6. Back Door: If your income level is too high to contribute directly to a Roth IRA, you may still be able to convert monies to Roth status at little to no tax cost. This strategy, known as a “Back Door Roth,” involves making a non-deductible contribution to a traditional (pre-tax) IRA, and then converting those monies to a Roth account after a reasonable time. This is best employed by those who have no previous IRA savings.
7. Conversion: In some cases, retirees have a range of time within which they no longer receive wages but have not yet begun Social Security distributions or RMDs from qualified accounts, leaving them with lower taxable income. In this window, engaging in Roth conversions incrementally year by year, may be advisable. Conversions, where pre-tax monies are moved over to Roth status, are a taxable event. However, engaging them when your tax rates are lower, and setting the stage for future tax-free withdrawals when your tax rates may be higher, can be advantageous.
8. Distribution: Original Roth IRA owners are not subject to Required Minimum Distributions (RMDs) but may be able to rely on tax and penalty free Roth IRA withdrawals in retirement. This means their cash flow needs are being met while their taxable income is kept low. Additional benefits that may flow from this reduced level of taxable income could include lower Medicare premiums, reduced taxation of Social Security distributions, and possibly a 0% capital gains tax rate.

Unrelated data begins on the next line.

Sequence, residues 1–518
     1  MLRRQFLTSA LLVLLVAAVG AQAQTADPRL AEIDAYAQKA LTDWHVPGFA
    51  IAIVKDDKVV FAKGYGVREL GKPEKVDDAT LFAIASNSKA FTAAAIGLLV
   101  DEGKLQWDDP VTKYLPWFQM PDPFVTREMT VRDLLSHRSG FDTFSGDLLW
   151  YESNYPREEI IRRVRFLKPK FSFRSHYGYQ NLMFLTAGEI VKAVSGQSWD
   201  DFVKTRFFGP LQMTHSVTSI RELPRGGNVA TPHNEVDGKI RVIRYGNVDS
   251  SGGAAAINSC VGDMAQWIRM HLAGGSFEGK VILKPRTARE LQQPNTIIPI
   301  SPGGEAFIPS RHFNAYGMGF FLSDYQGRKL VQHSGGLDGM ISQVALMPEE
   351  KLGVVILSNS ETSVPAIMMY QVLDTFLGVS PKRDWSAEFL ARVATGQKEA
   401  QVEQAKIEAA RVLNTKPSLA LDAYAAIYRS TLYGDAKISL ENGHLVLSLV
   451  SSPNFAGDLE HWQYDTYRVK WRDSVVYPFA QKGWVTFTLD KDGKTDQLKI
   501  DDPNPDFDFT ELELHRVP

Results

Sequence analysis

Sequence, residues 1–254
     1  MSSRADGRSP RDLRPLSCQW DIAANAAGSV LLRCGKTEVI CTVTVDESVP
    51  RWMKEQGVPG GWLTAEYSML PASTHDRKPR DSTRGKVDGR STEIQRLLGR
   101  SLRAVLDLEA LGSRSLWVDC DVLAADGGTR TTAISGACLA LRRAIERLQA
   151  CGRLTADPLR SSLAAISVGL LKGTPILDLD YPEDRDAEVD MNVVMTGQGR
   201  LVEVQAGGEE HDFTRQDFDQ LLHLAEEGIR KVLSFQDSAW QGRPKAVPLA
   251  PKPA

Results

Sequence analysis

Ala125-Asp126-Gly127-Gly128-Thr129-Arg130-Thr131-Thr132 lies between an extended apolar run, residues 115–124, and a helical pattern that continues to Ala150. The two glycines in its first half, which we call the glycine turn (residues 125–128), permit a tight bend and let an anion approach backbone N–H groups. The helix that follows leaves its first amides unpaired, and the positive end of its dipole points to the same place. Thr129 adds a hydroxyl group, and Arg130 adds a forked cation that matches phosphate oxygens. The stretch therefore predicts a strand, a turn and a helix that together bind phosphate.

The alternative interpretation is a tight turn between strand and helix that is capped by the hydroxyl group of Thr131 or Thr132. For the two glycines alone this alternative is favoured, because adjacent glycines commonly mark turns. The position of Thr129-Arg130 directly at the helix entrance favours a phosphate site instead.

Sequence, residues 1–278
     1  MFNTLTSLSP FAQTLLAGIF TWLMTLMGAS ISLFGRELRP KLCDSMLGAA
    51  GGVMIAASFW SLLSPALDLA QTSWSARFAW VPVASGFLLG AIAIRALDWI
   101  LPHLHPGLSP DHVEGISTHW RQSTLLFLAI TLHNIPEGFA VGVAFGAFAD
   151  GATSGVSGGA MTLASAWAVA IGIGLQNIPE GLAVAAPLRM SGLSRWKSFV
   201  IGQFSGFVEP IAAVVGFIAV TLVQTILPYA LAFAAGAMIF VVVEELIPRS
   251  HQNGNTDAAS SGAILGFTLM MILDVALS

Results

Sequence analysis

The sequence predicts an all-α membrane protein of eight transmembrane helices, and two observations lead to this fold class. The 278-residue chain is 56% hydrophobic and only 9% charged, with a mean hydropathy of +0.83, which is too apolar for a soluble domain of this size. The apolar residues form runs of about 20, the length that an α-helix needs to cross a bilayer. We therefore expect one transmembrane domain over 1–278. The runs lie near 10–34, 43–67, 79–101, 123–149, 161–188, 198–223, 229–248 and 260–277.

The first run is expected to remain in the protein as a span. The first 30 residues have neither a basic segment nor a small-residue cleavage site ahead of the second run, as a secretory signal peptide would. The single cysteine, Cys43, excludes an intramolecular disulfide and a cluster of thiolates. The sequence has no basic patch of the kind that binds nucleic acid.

With their long-term tax savings features, Roth IRAs can be valuable even beyond retirement, in the context of what we might call legacy planning:
9. Next Gen: Where a child or grandchild has some level of earned income (i.e. a summer job, for example), employees or retirees with sufficient resources might consider helping to fund a Roth IRA for them. This is a great vehicle to teach the habit of saving and the benefits of tax-free compounding over a long-term time horizon.
10. Inheritance: Using a Roth IRA to pass assets to the next generation (a child or non-spouse beneficiary where spouse is already deceased, for example) can be beneficial in providing that beneficiary a source of tax-free withdrawals over the course of their potentially lengthy lifetime. While an inherited Roth IRA is subject to Required Minimum Distributions (RMDs), those distributions are not taxable if the original account owner had held the account for five years or more. Designation of a beneficiary on the Roth account also enables those assets to avoid the probate process.
The discussion above is not meant to be exhaustive in terms of Roth IRA rules or exceptions, and the appropriateness of the various uses and strategies mentioned will vary based upon the goals, resources, and circumstances of each individual. Hopefully, however, they reflect the ways in which Roth IRAs can assist in funding assorted life goals before, during, and after retirement in the context of a tax efficient financial plan. To see how they might fit within your own plan, please consult your Wealth Manager.